5. Derrick Henry, RB, Alabama. The 2014 season wasn't quite the breakout many expected from Henry after his star turn in last year's Sugar Bowl against Oklahoma. But we shouldn't be surprised, either. Alabama returned T.J. Yeldon at tailback, and the offense under Lane Kiffin made it a mission to get the ball in the hands of receiver Amari Cooper as much as possible. That will change in '15. Yeldon and Cooper both decided to go to the NFL, and for the second year in a row the Crimson Tide will have a new quarterback. Whereas Henry was often used to run roughshod over tired defenses late in games, he'll be the centerpiece of the offense as a junior. There may be no more frightening player in college football to tackle than the 6-foot-3, 241-pound Henry, whose "quiet" season featured 990 yards and 11 touchdowns as the team's No. 2 running back.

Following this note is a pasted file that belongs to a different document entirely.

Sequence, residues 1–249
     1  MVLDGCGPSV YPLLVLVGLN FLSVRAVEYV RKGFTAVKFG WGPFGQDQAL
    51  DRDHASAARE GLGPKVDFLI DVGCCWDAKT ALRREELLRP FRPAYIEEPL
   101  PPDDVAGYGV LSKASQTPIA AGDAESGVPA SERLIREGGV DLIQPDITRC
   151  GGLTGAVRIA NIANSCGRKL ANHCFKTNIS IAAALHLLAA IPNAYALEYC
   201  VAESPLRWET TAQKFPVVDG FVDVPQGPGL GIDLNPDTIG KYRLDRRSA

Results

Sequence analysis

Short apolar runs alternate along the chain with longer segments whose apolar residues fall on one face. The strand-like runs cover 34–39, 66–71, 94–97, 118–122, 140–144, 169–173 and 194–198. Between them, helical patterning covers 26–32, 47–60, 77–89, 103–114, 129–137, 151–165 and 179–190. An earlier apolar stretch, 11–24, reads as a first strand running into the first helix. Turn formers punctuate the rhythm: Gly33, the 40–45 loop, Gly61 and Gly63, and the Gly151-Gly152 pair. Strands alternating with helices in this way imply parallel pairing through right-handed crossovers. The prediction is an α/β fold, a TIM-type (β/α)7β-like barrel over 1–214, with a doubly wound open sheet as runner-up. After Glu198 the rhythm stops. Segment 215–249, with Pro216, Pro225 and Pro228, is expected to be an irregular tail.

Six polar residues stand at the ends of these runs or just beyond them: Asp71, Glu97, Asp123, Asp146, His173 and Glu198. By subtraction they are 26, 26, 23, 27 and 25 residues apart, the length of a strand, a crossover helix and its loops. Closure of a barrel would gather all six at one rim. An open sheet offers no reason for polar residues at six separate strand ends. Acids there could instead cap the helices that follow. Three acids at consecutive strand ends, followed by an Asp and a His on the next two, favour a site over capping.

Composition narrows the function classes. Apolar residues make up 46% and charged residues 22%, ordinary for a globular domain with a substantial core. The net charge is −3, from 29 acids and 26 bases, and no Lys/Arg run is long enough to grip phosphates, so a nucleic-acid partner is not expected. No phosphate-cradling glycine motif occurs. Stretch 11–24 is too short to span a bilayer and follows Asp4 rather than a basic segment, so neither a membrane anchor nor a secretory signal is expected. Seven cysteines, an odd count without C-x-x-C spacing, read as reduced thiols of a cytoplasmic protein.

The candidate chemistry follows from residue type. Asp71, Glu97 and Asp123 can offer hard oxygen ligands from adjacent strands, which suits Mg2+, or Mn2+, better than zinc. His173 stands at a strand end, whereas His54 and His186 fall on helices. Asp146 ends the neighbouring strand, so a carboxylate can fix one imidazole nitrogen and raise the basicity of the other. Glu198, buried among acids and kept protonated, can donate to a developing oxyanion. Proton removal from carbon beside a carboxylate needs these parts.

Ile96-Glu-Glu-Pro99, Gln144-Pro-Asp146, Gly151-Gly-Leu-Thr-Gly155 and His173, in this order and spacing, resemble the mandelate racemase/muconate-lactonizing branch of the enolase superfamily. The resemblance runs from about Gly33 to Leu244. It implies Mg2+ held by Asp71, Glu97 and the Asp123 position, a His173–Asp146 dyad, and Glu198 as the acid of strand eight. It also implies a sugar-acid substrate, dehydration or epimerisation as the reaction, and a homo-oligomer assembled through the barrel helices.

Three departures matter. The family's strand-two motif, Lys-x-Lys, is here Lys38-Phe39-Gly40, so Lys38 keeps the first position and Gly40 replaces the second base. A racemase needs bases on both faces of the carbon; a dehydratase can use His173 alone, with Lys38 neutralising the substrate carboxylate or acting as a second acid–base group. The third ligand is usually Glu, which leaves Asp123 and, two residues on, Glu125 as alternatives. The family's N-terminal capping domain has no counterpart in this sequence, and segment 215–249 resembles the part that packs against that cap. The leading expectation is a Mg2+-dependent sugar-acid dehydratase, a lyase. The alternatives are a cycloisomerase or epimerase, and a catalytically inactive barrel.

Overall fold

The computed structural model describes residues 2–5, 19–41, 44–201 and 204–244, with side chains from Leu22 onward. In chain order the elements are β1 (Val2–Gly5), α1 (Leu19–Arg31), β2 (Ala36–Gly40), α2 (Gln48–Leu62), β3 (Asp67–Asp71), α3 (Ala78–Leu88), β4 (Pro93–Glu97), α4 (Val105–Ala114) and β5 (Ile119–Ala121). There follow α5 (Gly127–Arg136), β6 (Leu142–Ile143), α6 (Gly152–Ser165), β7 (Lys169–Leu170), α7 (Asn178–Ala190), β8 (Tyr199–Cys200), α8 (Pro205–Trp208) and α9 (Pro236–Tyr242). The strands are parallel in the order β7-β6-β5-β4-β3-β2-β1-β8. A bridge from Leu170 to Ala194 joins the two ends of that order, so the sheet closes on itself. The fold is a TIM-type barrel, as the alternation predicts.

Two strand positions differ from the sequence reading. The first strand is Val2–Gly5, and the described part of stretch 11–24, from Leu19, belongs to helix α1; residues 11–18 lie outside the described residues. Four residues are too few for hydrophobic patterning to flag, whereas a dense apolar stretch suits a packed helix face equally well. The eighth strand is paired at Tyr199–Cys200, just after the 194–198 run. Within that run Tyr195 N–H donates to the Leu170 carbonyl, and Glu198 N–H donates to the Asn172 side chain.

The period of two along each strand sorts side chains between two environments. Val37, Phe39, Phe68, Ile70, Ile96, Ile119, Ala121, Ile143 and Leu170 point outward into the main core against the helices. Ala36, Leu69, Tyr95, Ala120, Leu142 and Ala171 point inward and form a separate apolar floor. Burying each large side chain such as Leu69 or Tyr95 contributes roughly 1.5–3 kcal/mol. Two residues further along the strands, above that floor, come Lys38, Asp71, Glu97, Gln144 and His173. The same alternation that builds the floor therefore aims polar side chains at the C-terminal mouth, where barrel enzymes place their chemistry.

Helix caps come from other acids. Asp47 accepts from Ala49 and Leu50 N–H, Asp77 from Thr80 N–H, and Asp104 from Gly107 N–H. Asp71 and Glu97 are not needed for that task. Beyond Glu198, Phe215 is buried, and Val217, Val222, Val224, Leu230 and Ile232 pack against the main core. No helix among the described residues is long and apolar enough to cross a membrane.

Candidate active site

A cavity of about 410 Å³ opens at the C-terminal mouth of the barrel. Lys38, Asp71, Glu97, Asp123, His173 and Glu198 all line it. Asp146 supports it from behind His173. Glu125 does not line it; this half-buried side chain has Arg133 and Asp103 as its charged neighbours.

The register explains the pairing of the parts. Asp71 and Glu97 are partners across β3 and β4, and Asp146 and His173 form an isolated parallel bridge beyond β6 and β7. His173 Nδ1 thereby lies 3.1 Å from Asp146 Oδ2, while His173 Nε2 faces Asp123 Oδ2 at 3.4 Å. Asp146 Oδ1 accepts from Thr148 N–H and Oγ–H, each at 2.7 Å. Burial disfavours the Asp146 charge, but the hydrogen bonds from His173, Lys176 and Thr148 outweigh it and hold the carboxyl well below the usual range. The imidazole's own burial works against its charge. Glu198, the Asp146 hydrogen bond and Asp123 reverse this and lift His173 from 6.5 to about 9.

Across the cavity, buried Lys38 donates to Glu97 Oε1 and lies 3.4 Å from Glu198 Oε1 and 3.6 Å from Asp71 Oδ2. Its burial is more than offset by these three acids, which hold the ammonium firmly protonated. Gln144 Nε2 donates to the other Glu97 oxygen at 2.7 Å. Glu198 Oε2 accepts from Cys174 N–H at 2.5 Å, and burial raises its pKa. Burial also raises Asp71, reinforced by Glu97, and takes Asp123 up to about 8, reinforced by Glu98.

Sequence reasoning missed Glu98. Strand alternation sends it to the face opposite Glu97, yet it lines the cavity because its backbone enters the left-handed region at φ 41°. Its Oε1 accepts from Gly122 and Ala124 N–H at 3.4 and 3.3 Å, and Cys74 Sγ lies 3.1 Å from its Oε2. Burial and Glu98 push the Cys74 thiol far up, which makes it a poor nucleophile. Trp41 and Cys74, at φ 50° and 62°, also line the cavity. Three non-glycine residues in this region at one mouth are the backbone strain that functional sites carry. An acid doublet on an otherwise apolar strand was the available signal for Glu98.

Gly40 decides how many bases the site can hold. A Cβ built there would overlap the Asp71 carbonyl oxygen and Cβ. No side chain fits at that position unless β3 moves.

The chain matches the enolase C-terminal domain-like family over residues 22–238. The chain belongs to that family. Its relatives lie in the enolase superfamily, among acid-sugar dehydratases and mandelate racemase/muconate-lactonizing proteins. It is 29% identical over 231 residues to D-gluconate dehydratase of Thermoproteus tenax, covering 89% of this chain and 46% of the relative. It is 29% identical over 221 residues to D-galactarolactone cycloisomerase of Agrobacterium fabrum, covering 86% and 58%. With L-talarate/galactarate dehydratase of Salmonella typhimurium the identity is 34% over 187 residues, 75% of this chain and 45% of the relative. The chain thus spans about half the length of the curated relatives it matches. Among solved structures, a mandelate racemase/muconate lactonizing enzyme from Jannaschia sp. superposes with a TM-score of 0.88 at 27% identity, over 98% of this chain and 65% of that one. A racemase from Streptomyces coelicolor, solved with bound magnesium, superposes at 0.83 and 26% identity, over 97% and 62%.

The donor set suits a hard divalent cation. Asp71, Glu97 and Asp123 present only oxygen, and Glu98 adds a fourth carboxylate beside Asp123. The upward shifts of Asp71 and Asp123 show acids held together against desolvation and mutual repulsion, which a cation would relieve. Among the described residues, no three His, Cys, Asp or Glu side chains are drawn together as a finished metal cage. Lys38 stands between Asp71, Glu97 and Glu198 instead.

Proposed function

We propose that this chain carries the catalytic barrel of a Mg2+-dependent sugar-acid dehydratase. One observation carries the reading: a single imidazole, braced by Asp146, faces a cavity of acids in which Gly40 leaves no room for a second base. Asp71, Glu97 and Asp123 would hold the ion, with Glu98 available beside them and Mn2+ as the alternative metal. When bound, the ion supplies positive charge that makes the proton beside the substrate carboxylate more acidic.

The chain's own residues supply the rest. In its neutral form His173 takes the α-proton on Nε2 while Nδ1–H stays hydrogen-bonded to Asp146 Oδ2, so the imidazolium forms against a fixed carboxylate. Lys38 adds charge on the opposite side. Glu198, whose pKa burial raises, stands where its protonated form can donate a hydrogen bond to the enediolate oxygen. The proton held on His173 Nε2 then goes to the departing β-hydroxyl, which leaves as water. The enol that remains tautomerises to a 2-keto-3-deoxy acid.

6. Deshaun Watson, QB, Clemson. There is plenty working against Watson's 2015 candidacy: Injuries derailed his freshman season, he just underwent surgery on a torn ACL and he lost respected offensive coordinator Chad Morris to the SMU head coaching job. Despite all that, Watson has an incredibly high ceiling, and if he's not a top candidate next season, it's easy to see it happening in 2016. In eight games, he averaged 10.7 yards per attempt -- which would be best in the country -- and threw for 14 touchdowns and just two interceptions. He also ran for 200 yards and five touchdowns. He's a talented passer and runner, and he's surrounded by rising young talent at tailback and receiver. It's just a matter of getting back to full speed after undergoing surgery on Dec. 12.